It is also the first time that any of them has spoken out publicly about the events of May 2020.
ST. PAUL (Minn.) -- Tuesday's testimony by a former Minneapolis police officer in George Floyd’s murder showed that he relied on fellow officers to take care of Floyd's medical needs as he controlled the onlookers while police attempted to arrest him.
Tou Thao is one three officers who were charged by federal court for violating Floyd’s constitutional rights. Officer Derek Chauvin put his knee in Floyd's neck for 9 minutes while the 46-year old man was being handcuffed and facedown on the streets.
Thao held back bystanders while J. Alexander Kueng knelt down on Floyd's back, and Thomas Lane held his legs. Lane and Kueng also intend to testify.
Thao stated that Floyd was struggling to get attention when he and Chauvin arrived. He claimed that he was a "human traffic cone" who acted as a barrier to traffic to keep it away from other officers.
Thao claimed that he heard people becoming more concerned about Floyd's health and calling for officers to check his pulse. He said that his role was to control the crowd; there were 15 other people watching.
Robert Paule, Thao's lawyer, asked Thao if he had seen any officers perform CPR on Floyd. He stated that he didn't and assumed that Floyd was breathing.
Thao later stated that it indicated that Floyd wasn't in cardiac arrest. He also testified that he didn’t know Floyd was seriously ill even though an ambulance brought him away.
Lane, Kueng, and Thao are accused of denying Floyd medical care. Kueng and Thao were also accused of failing intervene to stop Floyd's May 25, 2020, death. This triggered protests around the world and a reexamination on racism and police work. Floyd died as a result of the officers' actions.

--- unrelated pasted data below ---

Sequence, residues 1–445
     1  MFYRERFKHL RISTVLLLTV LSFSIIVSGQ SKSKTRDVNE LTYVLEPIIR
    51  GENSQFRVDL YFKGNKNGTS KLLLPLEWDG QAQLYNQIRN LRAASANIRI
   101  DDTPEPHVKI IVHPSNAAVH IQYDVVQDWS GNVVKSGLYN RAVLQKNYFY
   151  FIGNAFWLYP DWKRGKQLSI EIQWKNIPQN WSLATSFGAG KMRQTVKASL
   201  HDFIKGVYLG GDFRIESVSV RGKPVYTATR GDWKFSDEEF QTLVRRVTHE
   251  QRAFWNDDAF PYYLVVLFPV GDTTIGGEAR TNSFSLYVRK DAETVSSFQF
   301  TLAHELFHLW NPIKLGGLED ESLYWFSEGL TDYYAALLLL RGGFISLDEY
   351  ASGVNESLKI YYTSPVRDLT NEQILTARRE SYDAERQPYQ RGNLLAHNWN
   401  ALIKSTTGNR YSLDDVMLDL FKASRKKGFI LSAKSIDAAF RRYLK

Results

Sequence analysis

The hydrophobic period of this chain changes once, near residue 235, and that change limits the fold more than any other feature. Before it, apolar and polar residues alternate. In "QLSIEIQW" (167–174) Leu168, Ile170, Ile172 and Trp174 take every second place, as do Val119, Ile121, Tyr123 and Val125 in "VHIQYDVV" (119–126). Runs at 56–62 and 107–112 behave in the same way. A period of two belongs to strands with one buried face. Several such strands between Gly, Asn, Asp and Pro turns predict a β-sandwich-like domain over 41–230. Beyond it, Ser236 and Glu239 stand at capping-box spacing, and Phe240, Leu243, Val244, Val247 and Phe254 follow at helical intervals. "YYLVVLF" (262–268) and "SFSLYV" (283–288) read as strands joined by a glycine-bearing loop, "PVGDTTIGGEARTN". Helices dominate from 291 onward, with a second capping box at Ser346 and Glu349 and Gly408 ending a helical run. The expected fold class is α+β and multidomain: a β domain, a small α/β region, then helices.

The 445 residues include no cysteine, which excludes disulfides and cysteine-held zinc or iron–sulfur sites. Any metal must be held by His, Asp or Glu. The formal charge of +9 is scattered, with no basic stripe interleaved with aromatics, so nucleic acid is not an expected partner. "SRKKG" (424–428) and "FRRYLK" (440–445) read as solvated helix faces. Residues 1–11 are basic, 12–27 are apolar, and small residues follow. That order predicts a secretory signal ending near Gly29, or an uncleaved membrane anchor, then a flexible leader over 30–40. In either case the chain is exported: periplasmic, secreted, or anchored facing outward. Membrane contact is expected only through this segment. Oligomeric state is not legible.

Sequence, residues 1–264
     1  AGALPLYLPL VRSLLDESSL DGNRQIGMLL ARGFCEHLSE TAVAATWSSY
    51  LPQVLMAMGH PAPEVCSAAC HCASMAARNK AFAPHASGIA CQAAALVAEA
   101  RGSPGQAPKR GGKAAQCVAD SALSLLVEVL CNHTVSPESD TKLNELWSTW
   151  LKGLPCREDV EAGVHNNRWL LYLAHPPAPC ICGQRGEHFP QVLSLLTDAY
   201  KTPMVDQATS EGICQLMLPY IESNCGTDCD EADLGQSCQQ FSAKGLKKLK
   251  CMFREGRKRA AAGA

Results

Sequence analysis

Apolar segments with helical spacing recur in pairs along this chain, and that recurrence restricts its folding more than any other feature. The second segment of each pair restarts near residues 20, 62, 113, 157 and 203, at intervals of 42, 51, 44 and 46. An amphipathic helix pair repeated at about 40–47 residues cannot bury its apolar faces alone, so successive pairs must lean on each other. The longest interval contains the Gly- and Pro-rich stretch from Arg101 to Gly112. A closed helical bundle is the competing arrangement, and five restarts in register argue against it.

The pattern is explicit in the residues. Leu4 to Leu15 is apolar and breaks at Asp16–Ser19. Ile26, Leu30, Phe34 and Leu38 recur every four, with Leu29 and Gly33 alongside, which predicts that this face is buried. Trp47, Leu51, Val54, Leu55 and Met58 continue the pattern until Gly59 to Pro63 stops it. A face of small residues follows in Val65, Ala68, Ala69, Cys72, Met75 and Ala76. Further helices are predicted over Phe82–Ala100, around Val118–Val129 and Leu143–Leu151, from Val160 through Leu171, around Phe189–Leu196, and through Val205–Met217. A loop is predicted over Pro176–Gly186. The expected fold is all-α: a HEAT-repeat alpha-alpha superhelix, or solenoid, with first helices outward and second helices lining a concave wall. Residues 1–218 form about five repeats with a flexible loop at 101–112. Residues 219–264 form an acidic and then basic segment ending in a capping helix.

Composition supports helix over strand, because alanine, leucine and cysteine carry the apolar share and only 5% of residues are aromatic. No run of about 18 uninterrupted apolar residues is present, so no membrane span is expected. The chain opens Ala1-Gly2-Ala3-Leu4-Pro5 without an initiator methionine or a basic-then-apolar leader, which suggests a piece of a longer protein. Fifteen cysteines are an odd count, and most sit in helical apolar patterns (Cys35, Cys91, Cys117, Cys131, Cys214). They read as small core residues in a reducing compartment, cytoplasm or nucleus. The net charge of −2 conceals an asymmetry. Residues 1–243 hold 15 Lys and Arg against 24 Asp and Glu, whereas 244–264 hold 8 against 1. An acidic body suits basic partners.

Monday was a rest day for the prosecution after they called upon the police officers, doctors and other bystanders to make an argument that Chauvin should have been stopped by officers. They also argued that officers failed to intervene to stop Chauvin.
Defense lawyers are trying to prove that the Minneapolis Police Department did not provide adequate training and required cadets obey their superiors. Chauvin was convicted last year of state murder and manslaughter. He was the most senior officer on the scene.
Thao stated that he was taught to use neck restraints sometimes to handcuff people. Under cross-examination from LeeAnn Bell, Thao said that using a knee for control is not the same as using it to hold someone in handcuffs -- and that neck restraints should be used only once someone is in control.
Thao was asked if Chauvin was using a neck restraint to train his neck. Thao said, "I don’t believe so."
After receiving a 911 call about Floyd's use of a counterfeit $20 bill in a corner shop, police attempted to arrest him.
Thao stated that Floyd was clearly under the influence of drug and alcohol as he tried to get him into a car.
Thao said that Floyd had spoken to him, but that he couldn't see anything from his position that could have affected Floyd's ability to breathe. He said that he heard someone saying they couldn't breath on multiple occasions but was not sure if they were being truthful.
He later agreed with the prosecutor, however, that officers cannot ignore such pleas, even if someone lies.
Lane, who's white, Kueng, who's black, and Thao (who is Hmong American) will face separate state trials in June. They are accused of aiding and abiding murder and manslaughter.
Chauvin, who was white, pleaded guilty to a federal civil rights offense in December.